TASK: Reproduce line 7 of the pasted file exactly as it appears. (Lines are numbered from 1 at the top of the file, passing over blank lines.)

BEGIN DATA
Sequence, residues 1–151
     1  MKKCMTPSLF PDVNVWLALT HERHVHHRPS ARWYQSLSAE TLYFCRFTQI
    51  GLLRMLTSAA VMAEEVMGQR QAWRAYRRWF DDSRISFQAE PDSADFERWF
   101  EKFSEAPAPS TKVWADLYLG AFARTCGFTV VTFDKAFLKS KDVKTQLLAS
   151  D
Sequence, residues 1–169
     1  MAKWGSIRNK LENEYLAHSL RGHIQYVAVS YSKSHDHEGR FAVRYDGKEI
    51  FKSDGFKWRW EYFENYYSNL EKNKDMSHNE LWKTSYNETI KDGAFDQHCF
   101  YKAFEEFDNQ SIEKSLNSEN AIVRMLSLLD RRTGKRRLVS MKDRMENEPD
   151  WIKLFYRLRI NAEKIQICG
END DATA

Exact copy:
     1  MAKWGSIRNK LENEYLAHSL RGHIQYVAVS YSKSHDHEGR FAVRYDGKEI